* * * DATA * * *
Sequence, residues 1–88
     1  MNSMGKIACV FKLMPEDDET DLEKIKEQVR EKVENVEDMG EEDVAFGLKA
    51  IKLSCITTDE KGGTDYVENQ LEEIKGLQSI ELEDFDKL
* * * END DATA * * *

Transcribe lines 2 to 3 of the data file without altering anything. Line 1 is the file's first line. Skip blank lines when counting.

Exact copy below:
     1  MNSMGKIACV FKLMPEDDET DLEKIKEQVR EKVENVEDMG EEDVAFGLKA
    51  IKLSCITTDE KGGTDYVENQ LEEIKGLQSI ELEDFDKL